Straight to the Bar

All Things Strength


Great Sources of Training Information
Written By : Scott Bird
Super Strength Books

Super Strength Books.

This month’s collaboration with Run to Win‘s Blaine MooreGreat sources of training information – continues with a look at the many superb old strength-training books. Love them.
For as long as I can remember I’ve been surrounded by books and periodicals – shelf after shelf of hardcovers, paperbacks, magazines and newspapers. When it came time to learn a few things about the world of strength training; the starting point was clear.
Before I go any further, there is just one thing I’d like to point out : as important as it is to learn about something, it’s always secondary to actually doing it. Spending time under the bar is absolutely critical.
With that in mind, back to books. These can generally be sorted into a few categories, according to both the content and their availability. These are :

Old-time strength

When it comes to the process of getting stronger, very little has changed over the past few centuries. Sure, exercises have come in to and gone out of favour (think of the barbell squat and the overhead press in Olympic Weightlifting); but the underlying mechanics are, of course, the same. After all, we’re still talking about people lifting a variety of heavy objects to become bigger, stronger and faster.
Many of the books that have been written over the past century or so (any older than this, and they’re a little difficult to find – although often still quite relevant) have been reprinted numerous times, are still available and still make excellent reading. A few personal favourites :

Where do you get them?
Online : the best sources are Amazon and suppliers such as Bill Hinbern’s superb Super Strength Books site.
Offline : Although they’re a little difficult to find in the offline world, larger bookstores (particularly Borders) occasionally carry them.

The golden era – 1970s

Although some people may dispute my claim that the 1970s encompassed ‘the golden era‘, it certainly did for me. After all, it’s when Arnold Schwarzenegger was making a real name for himself. Bruce Lee was fighting athletes such as Chuck Norris. Arthur Jones was creating a stir with his Nautilus machines.
And – most importantly – people the world over began to join gyms. To become big, to become strong; or simply to get into shape. Very little has changed.
One of the greatest by-products of this period can be seen at a glance of my bookshelves. Catering to the throngs of new gymgoers were a number of great books, including :

The magazines of this time – notably those which focussed on bodybuilding – were actually worthwhile reading in many cases (ah, the days when magazines had more content than advertising); containing specific routines, interviews with strength athletes from a variety of sports (not just bodybuilders) and simple nutritional information. The good stuff.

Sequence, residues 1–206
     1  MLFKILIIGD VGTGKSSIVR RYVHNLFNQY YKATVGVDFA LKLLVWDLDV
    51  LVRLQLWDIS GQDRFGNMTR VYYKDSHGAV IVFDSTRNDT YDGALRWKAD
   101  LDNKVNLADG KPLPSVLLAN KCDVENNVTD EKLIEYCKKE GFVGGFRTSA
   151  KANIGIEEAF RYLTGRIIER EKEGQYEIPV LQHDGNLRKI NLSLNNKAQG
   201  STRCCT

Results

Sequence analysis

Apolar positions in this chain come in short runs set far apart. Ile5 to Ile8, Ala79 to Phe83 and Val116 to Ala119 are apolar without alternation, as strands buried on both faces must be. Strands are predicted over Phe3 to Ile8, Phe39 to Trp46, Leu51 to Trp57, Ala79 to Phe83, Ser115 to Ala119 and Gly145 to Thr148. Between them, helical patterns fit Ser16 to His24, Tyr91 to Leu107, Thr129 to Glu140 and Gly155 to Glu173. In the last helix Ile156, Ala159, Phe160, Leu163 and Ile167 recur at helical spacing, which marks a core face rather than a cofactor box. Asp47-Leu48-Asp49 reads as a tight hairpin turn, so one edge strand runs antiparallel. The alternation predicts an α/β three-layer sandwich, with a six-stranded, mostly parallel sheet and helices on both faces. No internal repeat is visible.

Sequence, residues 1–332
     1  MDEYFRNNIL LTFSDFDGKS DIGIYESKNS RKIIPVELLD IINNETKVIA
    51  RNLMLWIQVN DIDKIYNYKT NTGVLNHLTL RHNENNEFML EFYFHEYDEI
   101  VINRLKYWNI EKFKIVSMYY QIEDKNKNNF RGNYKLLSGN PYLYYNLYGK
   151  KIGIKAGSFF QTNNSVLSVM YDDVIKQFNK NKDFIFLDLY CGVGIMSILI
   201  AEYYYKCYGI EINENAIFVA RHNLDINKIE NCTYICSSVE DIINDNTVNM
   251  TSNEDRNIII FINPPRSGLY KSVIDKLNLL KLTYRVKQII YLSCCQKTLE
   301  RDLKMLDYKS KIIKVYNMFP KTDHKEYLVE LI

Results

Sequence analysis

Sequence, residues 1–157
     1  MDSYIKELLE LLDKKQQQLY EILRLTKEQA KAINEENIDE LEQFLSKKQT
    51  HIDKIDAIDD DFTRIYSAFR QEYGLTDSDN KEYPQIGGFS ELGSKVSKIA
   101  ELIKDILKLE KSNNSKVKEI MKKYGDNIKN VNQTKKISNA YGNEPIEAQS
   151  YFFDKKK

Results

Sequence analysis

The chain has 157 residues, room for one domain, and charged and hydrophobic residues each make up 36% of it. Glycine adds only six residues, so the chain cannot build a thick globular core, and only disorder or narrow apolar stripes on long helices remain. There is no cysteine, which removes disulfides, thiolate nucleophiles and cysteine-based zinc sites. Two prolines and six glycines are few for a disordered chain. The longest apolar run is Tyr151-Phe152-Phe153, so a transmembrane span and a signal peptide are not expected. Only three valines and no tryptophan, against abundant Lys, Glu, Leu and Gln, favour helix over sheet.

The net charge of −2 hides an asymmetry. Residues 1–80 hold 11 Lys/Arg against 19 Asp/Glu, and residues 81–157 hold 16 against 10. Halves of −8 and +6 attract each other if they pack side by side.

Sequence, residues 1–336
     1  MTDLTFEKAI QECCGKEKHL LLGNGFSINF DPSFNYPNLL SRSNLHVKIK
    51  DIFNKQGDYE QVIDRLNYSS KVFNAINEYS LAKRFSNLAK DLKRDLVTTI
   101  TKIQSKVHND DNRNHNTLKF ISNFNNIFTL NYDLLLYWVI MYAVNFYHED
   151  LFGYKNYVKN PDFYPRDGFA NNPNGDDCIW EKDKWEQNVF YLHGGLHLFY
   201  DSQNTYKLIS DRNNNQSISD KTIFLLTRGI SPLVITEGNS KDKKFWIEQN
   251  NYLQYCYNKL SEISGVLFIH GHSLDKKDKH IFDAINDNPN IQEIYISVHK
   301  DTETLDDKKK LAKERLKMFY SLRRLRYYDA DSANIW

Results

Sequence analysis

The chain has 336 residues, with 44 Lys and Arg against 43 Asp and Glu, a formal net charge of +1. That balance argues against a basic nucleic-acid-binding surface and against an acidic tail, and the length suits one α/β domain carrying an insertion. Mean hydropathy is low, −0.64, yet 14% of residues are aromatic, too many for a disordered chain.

Where do you get them?
Online : Once again, Amazon is a great place to start. For the magazines, eBay is your friend. There are always plenty of them on there.
Offline : As you may have guessed, I love wandering around second-hand book stores. For books such as these – particularly the heavier, hardback varieties – second-hand shops are a great resource. Definitely a good place to start.

1980s – now

Although things have definitely started to settle down in the few decades since the ‘golden era‘, there have been several great books to add to the shelves. Among these are a few which stand out for all the right reasons, including :

Where do you get them?
Online : Many of these books are now available through the websites of their authors or publishers; although Amazon is still a good bet. For slightly older volumes, eBay often comes in handy.
Offline : For some reason, many of the larger bookstores shy away from recent strength-training books. Notable exceptions are stores attached to universities or colleges; and those catering largely to students.

Other recommendations

Of course, I’m not exactly alone in my love of strength-training books. To get an idea of those which other Straight to the Bar writers hold in high regard, take a wander over to Recommended Books & DVDs. There are several excellent volumes there.

Final thoughts

With so many great strength-training books and magazines available, it’s almost assured that I’ve overlooked something along the way. What are your own recommendations for the ‘perfect‘ strength-training book?

Over to you. Drop us a line on Twitter ( @scottbird ), or add a comment below.



NB : if you love talking about strength-training as much as I do, you might also like to check out the weekly newsletter (there's also a daily version available). A regular dose of fitness-focussed discussions, absolutely free.


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What's This?

Straight to the Bar is the online home of fitness enthusiast Scott Bird, and looks at the many training approaches, essential techniques, uncommon exercises and superb equipment to help you become as strong as humanly possible. In short, this site is the home of all things strength.

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'Napalm' Jedd Johnson.
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Written By Scott Bird
Scott is a long-time fitness enthusiast (Jan 2004!), writer and photographer living in Sydney, Australia. If you share the passion for spending a bit of time under a bar, welcome. Love hearing how everyone else trains. You can connect via Twitter, Facebook and the various networks listed in the sidebar.
Drawing of Scott Andrew Bird performing a deadlift. Artwork by Vince Palko.